Despite improved technology and different anti-coagulation strategies, stroke remains a significant complication following LVAD implantation. In the original randomized controlled trial of continuous flow-LVADs, the incidence of stroke (hemorrhagic and ischemic) was 18% at 2 years of follow-up. The Fifth Interagency Registry for Mechanically Assisted Circulatory Support (INTERMACS) annual report had a nearly identical incidence with 17% stroke at 2 years (9,10). In this context Maltais et al. mention different sites for implantation of the outflow graft especially in patients with porcelain aorta and in those with proximal bypass graft anastomoses. Very recent reports from Riebandt et al. show that routine implantation of the outflow graft into the subclavian artery can reduce the rate of embolization into the carotid arteries. This approach may reduce the overall ischemic cerebrovascular event rate, as the first two aortic branches are protected from the ascension of possible thrombotic material into cerebral vessels. Furthermore, technical advantages are the relative ease of surgical exposure of the subclavian artery and the fact that it is usually free from atherosclerosis.

Concerns about this technique are the compression of the outflow graft by the surrounding structures, excessive blood flow to the arm as well as flow disturbances on extensive elevation of the arm. Banding of the subclavian artery is mandatory if there is a mean pressure difference of more than 20 mmHg to avoid excessive blood flow to the arm (11).


Patients who receive LVAD as a bridge to transplantation will need reoperation for transplantation. Every surgeon who has performed transplantation in patients with previously implanted LVAD knows that pericardial adhesions and re-sternotomy is challenging and may increase morbidity and mortality of the second intervention. This observation has already been confirmed for redo valve surgery (12).

When initial surgery is performed through right mini-thoracotomy or small left subcostal incision, opening the sternum is considerably facilitated and the technical challenges of the second procedure are reduced: there is minimal to absent danger of heart injury, there are less adhesions, which means less postoperative bleeding and therefore less need for postoperative transfusion. This again positively influences the lung function and the recovery of the right ventricle of the transplanted heart.

Even patients that are not scheduled for subsequent transplantation may benefit from the reduced trauma due to a less invasive intervention. Should pump failure happen or drive line damage which is more likely to occur in patients on support for several years, the less invasive approach through thoracotomy will facilitate straight-forward pump exchange in case of pump thrombus formation or driveline fractures. This means that the less invasive implantation technique may also be attractive in destination patients.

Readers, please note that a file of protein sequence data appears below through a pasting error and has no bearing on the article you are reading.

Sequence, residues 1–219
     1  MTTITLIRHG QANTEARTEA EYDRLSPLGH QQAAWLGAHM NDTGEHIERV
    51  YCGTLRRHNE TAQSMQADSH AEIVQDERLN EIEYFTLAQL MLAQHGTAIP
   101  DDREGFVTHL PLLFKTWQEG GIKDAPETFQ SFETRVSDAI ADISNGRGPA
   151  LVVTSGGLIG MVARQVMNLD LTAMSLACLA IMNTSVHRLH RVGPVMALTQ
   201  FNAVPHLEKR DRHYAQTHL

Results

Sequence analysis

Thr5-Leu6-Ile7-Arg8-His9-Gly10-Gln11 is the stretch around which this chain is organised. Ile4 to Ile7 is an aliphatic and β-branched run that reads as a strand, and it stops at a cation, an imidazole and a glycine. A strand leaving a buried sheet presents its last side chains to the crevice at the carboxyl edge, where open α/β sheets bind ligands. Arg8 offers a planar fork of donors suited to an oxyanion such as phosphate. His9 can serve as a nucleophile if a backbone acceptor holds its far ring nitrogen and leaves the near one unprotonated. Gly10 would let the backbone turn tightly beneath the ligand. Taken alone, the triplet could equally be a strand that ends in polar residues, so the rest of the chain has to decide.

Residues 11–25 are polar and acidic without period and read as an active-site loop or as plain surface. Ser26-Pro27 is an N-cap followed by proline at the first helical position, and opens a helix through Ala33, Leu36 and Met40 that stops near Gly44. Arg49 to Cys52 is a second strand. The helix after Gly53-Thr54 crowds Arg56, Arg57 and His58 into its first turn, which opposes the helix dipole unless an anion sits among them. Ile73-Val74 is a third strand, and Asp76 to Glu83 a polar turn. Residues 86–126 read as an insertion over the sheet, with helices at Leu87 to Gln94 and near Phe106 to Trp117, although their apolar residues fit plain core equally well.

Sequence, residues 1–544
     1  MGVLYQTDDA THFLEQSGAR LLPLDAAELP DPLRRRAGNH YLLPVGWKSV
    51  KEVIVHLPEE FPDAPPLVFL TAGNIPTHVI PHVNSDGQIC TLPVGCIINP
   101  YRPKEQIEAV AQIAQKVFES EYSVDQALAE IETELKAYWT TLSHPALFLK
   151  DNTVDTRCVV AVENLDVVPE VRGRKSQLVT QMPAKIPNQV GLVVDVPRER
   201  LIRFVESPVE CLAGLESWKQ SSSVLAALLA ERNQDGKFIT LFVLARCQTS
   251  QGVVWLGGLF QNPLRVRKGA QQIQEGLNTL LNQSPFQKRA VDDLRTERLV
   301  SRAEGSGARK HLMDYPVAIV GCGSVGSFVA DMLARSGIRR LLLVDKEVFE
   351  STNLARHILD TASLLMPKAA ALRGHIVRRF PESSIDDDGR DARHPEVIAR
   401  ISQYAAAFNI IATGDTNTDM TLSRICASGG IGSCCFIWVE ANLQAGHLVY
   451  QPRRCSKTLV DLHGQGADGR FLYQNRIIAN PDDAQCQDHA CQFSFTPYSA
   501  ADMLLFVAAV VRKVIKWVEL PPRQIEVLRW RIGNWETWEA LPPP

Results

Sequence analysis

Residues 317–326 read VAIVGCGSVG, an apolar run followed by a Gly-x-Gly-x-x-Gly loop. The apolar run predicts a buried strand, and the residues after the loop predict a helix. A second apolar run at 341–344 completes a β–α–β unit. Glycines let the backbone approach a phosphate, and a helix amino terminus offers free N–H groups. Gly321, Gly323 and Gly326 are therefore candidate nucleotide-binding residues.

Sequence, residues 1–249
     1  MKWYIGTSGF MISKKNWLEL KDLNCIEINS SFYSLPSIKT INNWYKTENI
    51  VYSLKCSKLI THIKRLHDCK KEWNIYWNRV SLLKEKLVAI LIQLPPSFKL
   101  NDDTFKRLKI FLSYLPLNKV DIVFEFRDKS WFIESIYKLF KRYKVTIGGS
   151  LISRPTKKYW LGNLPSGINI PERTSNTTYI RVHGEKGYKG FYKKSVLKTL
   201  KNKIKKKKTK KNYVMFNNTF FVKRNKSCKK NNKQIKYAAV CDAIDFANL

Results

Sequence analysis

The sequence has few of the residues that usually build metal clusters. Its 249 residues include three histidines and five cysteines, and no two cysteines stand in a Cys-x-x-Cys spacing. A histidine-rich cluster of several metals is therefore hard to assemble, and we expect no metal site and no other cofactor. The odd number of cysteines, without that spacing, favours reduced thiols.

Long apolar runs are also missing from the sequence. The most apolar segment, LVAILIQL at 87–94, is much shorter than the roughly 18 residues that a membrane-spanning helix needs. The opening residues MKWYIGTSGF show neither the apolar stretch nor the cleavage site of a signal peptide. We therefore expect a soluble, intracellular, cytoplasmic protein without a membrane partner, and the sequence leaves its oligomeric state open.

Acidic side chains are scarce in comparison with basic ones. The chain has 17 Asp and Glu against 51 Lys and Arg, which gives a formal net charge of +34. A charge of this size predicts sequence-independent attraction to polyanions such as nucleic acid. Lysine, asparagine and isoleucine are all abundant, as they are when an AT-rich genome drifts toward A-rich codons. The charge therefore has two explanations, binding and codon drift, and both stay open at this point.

There are two additional aspects that we would like to add to this discussion and which should be considered as words of caution. A strategy to perform less invasive LVAD implantation should not compromise the completeness of therapy and safety. This concerns the requirement for concomitant coronary circulation tricuspid and mitral valve repair (MVR) and off-pump surgery.

The function of the right ventricle is one of the limiting factors in long-term survival of destination patients. Many patients require LVAD support for longer periods of time (prolonged waiting time until transplantation and increasing application of destination therapy) and the presence of severe tricuspid valve regurgitation has been demonstrated to be likely associated with increased midterm morbidity and mortality. We favor, even in the absence of evidence-based data, reconstruction of the tricuspid valve with ring annuloplasty as soon as regurgitation is moderate to severe. There are at least theoretical short- and long-term benefits when tricuspid valve regurgitation is addressed. Elimination of tricuspid regurgitation may lead to improvement rather than worsening of the RV function and reducing venous congestion may improve hepatic and renal perfusion (13,14).

In patients bridged to transplantation, there are reports that concomitant MVR during implantation of continuous-flow LVAD may further decrease pulmonary vascular resistance more than after LVAD implantation alone. This may permit certain patients found to be ineligible for transplantation to become candidates after a certain period of LVAD support (15).

As concomitant valve procedures to LVAD implantation usually require full sternotomy, the threshold for addressing the valves should not change!

Secondly, we do not support the concept of implanting LVADs off-pump. Even in patients undergoing assist device implantation under full sternotomy we would refrain from off-pump procedures. Short period of asystolie with the help of adenosine as reported in the Vanderbilt strategy (1) or rapid pacing during outflow graft connection may lead to passive dilation of the right ventricle which may be deleterious in patients with borderline preoperative RV-function. Sutures can also easily tear through thin myocardium when the sewing ring is attached to a beating and volume-loaded heart. In general, operation through a limited incision leaves fewer margins for error and options to deal with problems and complications are less confortable when LVAD implantation is performed off-pump.

To benefit from the versatility of cardiopulmonary bypass and to reduce surface trauma, the use of an ECMO system may be beneficial.

We congratulate Dr. Maltais and his team for their work. The Vanderbilt strategy clearly shows the need for refining and further developing minimal and alternative approaches. This is of actual interest with the upcoming generation of smaller devices. Although less invasive LVAD implantation may have the potential to develop into a gold standard, initial steps should be cautious and never compromise results of a good working LVAD program.


Disclosure: The authors declare no conflict of interest.


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Cite this article as: Reineke DC, Carrel TP. Less invasive left ventricular assist device implantation—a match changer! J Thorac Dis 2015;7(5):783-786. doi: 10.3978/j.issn.2072-1439.2015.04.44